Drained and a tad depressed I call my good friend from Australia, who’s been living here for as many years as I’ve been pampered in South Africa. ‘Washing isn’t my strong point,’ she says. ‘I buy my kids rubbish clothes so it doesn’t matter if I ruin them.’ And silk? She laughs hysterically, ‘I don’t own silk.’ Red cheeked, I listen carefully as she tells me she uses the pink Vanish, called Kalia in Israel, and adds the green Persil to this, ‘In the same compartment dear, and don’t forget to do a prewash.’ Huh? ‘A prewash is a setting on the washing machine. She usefully whatsapps me a photo of the washing detergents.

I realise after that enlightening conversation that I don’t understand my washing machine. I read the washing machine manual back to front and back again. I got it. I did a load of laundry, green Persil, pink Kalia, I was good to go. Until I took the washing out. Better, but not much better.

I call my auntie. She laughs at me and asks her Filipino housekeeper what to use for sensitive clothes. ‘Mummy is very good at washing clothes, you should call her,’ she ends up telling me. I’m almost crying over my ruined silk dress. Would anyone notice the runs?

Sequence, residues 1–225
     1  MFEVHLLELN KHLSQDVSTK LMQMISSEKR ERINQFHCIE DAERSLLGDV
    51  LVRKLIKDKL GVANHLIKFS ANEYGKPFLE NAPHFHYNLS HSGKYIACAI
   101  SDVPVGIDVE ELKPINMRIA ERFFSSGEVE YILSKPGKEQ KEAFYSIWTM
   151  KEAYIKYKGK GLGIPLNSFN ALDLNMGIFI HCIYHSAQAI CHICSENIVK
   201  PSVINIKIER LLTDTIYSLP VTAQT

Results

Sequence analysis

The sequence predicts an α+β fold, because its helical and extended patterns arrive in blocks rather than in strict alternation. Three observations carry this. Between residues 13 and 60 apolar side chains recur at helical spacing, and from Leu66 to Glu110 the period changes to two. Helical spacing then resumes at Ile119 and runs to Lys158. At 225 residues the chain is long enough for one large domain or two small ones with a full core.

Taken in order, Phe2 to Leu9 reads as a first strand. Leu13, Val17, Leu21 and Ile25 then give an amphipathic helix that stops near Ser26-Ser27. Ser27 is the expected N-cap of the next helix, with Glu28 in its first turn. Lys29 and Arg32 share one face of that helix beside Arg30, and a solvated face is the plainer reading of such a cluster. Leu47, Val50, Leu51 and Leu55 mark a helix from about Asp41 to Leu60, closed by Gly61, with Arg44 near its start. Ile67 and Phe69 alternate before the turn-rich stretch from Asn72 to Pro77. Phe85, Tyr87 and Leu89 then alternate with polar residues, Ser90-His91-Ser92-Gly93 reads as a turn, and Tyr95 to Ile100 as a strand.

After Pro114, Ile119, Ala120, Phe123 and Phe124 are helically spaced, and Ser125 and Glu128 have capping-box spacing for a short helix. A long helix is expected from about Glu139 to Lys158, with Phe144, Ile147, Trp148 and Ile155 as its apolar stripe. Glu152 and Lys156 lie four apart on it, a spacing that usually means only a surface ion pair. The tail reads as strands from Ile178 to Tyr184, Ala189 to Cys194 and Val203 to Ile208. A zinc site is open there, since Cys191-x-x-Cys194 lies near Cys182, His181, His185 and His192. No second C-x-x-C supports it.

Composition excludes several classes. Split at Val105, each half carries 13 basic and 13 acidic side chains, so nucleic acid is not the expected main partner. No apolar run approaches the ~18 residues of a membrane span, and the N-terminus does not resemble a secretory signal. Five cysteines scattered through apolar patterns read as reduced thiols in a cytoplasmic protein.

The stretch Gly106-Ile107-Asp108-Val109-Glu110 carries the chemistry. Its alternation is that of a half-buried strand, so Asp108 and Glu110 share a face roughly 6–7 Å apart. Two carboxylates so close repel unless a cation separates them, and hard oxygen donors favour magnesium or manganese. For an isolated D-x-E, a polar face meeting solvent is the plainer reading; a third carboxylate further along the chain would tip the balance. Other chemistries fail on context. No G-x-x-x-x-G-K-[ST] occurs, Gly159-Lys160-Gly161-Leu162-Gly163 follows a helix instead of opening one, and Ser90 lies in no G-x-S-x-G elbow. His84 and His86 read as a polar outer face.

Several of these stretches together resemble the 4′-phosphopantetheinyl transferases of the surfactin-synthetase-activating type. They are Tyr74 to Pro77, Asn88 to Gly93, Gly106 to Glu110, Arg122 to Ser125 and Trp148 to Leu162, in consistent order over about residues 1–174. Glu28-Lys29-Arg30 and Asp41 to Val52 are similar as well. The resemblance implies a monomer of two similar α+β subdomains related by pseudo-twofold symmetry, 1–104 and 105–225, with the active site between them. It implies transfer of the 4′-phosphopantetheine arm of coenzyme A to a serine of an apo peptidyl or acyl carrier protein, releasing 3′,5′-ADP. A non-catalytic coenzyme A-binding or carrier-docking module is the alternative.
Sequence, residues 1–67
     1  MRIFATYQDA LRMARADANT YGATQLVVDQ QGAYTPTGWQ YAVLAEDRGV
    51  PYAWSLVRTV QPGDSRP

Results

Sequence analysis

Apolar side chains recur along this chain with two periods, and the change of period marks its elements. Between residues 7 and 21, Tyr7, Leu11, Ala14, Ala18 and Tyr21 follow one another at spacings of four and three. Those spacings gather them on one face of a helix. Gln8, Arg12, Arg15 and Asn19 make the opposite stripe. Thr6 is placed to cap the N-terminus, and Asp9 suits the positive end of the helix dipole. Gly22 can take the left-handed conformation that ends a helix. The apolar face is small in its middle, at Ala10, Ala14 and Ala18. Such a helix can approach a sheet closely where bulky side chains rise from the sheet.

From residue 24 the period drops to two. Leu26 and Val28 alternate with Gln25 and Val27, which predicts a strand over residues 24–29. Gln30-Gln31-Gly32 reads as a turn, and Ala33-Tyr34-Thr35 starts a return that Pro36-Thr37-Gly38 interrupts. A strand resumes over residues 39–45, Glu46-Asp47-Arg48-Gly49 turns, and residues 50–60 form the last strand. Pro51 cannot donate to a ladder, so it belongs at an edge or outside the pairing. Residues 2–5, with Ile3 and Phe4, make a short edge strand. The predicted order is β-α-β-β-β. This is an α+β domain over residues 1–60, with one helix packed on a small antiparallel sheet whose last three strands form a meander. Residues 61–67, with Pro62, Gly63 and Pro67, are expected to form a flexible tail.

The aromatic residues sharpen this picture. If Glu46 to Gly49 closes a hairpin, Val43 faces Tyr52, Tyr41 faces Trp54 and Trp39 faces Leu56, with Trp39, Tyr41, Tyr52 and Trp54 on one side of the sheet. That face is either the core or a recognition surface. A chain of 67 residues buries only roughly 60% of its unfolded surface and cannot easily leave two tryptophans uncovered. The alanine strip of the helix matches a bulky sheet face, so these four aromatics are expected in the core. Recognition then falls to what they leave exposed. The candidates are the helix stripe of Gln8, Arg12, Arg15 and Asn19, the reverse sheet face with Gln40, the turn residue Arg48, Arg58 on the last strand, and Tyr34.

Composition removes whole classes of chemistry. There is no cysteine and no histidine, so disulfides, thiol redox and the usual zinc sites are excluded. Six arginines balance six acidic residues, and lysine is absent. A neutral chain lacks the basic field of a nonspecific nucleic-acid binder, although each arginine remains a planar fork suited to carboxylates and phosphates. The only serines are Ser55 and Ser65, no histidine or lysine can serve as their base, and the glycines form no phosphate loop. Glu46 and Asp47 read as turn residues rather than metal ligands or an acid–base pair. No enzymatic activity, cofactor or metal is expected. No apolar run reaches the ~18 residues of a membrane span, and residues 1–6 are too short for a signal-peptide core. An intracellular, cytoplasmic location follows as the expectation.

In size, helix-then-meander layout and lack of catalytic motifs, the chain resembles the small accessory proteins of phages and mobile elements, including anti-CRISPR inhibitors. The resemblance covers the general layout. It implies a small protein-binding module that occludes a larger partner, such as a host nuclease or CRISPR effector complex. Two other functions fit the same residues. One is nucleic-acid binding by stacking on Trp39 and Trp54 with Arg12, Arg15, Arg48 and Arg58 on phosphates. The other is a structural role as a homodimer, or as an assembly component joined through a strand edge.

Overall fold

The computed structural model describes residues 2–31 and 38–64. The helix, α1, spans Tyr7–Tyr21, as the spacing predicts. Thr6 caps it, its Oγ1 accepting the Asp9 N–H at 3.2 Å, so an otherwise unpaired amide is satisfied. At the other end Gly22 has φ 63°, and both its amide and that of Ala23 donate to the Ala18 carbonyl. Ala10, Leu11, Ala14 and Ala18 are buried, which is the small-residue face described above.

‘No spin for delicates,’ another friend tells me. She made Aliyah when she was sixteen. Of course she knows how to wash. ‘Not really,’ she says, ‘but no spin on delicates.’ I still don’t know which detergent to wash delicates with. Try shopping for washing products in a different language. I have pretty good coffee Hebrew, which means I can get my coffee fix just the way I like. But it’s no help when I’m trying to understand the small Hebrew writing on the rows upon rows of colourful washing products. I leave the supermarket empty handed. I collect a pile of dirty, dearer things in my room. I’m too scared to wash them. I ignore them. I need help.